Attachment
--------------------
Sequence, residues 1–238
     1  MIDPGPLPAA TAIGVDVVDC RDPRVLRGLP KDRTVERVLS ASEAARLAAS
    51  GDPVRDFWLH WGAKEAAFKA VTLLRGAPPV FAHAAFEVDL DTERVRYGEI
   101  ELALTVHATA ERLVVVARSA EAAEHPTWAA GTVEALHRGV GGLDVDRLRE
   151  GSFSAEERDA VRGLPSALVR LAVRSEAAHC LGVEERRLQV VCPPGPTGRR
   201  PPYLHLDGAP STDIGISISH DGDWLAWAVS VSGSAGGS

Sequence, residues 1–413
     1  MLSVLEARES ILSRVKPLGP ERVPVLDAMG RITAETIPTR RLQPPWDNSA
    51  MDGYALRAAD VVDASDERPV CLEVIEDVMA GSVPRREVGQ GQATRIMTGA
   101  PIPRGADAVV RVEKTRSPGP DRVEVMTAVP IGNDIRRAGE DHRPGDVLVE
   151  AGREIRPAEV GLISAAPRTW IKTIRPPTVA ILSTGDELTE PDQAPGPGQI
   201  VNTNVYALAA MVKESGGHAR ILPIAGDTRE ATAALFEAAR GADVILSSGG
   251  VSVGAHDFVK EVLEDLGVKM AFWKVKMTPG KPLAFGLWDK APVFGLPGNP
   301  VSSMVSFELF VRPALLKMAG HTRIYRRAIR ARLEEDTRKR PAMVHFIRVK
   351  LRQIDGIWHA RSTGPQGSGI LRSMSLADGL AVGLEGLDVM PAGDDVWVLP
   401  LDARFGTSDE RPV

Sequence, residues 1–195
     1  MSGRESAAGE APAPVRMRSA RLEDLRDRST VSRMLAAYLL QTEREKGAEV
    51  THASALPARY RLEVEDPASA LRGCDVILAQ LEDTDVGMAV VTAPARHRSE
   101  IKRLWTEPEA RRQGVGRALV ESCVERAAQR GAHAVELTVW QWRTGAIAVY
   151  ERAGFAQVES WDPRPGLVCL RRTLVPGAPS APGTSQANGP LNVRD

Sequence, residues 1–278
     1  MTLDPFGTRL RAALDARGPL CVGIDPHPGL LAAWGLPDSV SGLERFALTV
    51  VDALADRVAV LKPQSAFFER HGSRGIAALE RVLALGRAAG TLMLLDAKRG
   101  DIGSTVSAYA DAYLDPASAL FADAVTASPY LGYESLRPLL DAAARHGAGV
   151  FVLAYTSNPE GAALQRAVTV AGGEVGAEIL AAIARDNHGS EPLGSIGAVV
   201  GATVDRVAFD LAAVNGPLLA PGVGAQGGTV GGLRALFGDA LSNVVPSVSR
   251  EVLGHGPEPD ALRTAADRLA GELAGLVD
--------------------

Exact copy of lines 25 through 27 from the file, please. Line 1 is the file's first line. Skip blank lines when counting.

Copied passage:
   101  DIGSTVSAYA DAYLDPASAL FADAVTASPY LGYESLRPLL DAAARHGAGV
   151  FVLAYTSNPE GAALQRAVTV AGGEVGAEIL AAIARDNHGS EPLGSIGAVV
   201  GATVDRVAFD LAAVNGPLLA PGVGAQGGTV GGLRALFGDA LSNVVPSVSR